Detroit Lions Got It Right with Matthew Stafford in the 2009 Draft Minefield

Dean HoldenAnalyst IMarch 4, 2012

Boos rained down at the announcement of this pick, and those who did should be very sorry now.
Boos rained down at the announcement of this pick, and those who did should be very sorry now.Jeff Zelevansky/Getty Images

I think it's a fair assumption to say that the 2009 Draft Class is not going to go down as one of the best of all time.

It might be too soon to call, but hey, it's been three years. We're rapidly approaching the point where these guys go from developing young players to reclamation projects.

Not Matthew Stafford, though. A year ago, the "bust" talk surrounded Stafford because of a series of injuries. Now the only Stafford injury anyone is talking about is the broken finger that just might have been the only thing standing between him and every passing record ever last year

So, Matthew Stafford goes his first healthy 16-game season and becomes the fourth quarterback ever to throw for over 5,000 yards in a season, leading a long-suffering team to the playoffs for the first time since he was in middle school? Maybe I'm jumping the gun here, but I'd say the kid's pretty good.

"Well, of course he is," you say. "He was a No. 1 overall pick." Well yeah, that's true, and so what? Approximately half the fan base was against drafting Stafford in the first place (I'll admit to being part of that half). And it's not as if the Lions would have been just as well off had they made a different pick.

Had the Lions listened to us, we would likely have ended up with Wake Forest linebacker Aaron Curry or Baylor offensive tackle Jason Smith. And where are they now?

Curry, the man considered the closest to a "can't miss" prospect in the 2009 draft, was drafted fourth overall by the Seattle Seahawks. Last season, he was demoted from the starting lineup by fourth-round rookie K.J. Wright and eventually traded to Oakland for a 2012 seventh-round pick and conditional 2013 fifth-round pick.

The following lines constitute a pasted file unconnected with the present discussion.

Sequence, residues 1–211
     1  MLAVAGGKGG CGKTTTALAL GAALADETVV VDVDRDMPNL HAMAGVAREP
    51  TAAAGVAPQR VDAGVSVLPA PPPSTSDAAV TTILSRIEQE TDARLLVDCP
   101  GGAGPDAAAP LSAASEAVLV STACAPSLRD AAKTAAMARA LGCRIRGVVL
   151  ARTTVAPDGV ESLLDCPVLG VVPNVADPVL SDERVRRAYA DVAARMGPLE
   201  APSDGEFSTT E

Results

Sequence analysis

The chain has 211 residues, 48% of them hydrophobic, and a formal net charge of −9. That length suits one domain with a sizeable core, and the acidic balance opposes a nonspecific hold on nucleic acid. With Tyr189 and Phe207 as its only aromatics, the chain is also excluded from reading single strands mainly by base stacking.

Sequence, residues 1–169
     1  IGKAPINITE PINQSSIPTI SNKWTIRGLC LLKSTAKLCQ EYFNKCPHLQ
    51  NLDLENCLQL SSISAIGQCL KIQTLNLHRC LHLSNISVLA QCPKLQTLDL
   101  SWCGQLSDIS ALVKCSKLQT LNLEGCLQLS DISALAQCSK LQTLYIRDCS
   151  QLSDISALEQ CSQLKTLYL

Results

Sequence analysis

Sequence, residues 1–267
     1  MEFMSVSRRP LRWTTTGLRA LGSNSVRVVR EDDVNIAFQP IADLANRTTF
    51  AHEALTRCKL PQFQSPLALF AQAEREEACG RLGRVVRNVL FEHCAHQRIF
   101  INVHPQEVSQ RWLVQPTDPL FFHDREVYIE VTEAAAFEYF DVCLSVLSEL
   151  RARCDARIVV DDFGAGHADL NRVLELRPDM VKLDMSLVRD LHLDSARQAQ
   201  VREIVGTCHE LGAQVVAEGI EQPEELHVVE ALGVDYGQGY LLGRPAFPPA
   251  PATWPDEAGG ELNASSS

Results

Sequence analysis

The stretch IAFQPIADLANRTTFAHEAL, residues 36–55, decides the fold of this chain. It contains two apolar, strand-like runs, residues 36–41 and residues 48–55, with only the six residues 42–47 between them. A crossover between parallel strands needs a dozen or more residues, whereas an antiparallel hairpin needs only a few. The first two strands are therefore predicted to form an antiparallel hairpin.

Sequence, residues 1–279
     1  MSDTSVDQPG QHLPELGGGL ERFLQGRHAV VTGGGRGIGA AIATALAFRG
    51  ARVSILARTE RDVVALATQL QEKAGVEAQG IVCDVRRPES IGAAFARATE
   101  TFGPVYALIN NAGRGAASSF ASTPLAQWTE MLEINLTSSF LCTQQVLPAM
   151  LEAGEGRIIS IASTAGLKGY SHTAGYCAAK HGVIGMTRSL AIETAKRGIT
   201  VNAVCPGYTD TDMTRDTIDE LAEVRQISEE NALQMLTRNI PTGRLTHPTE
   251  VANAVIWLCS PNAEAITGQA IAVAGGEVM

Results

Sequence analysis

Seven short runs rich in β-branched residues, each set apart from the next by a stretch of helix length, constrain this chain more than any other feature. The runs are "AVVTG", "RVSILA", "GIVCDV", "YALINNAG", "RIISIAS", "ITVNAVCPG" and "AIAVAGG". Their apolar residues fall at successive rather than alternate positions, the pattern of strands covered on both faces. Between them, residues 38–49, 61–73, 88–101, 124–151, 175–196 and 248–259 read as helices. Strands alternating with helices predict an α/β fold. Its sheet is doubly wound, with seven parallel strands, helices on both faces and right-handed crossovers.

How about Jason Smith, the second overall pick who was supposed to anchor the St. Louis Rams' blind side for the next 10 years? He was moved from the left side to the right, and is currently on the Rams' likely cut list.

Okay, so not a great top tier in 2009. What about the rest of the top 10 that year?

Third: Tyson Jackson, DE, Chiefs - Has two sacks in three seasons of play.

Fifth: Mark Sanchez, QB, Jets - Looked better in GQ than he ever has on the football field, and he looked like an idiot in GQ.

Sixth: Andre Smith, OT, Bengals - His weight is down, but so is his skill level, and the Bengals' interest in him.

Seventh: Darrius Herward-Bey, WR, Raiders - To his credit, he had a strong 2011 campaign, and has been hampered by weak quarterback play. But his career receiving yardage and touchdown numbers are still inferior to Calvin Johnson's 2011 numbers.

Eighth: Eugene Monroe, OT, Jaguars - Actually isn't so bad, but still about the third-best left tackle in the AFC South.

Ninth: B.J. Raji, DT, Packers - Easily the second-best pick of the top ten, and a great fit at nose tackle in Green Bay's 3-4. But the Lions got Ndamukong Suh, so it's all good.

10th: Michael Crabtree, WR, 49ers - At least a lengthy rookie holdout resulted in less time for him to be mediocre.

I could go on with Aaron Maybin (11th) and Knowshon Moreno (12th), but I think you get my point. The Lions could reasonably have drafted any of these guys, but they didn't.

They got, really, the only great player in the top tier of the 2009 draft, and stepped around a handful of draft bust landmines in the process.

Really, when is the last time could say that about the Lions' front office? And how nice is it that after years of picking busts out from between All-Pros, we have a front office that, in its first year, can do the exact opposite?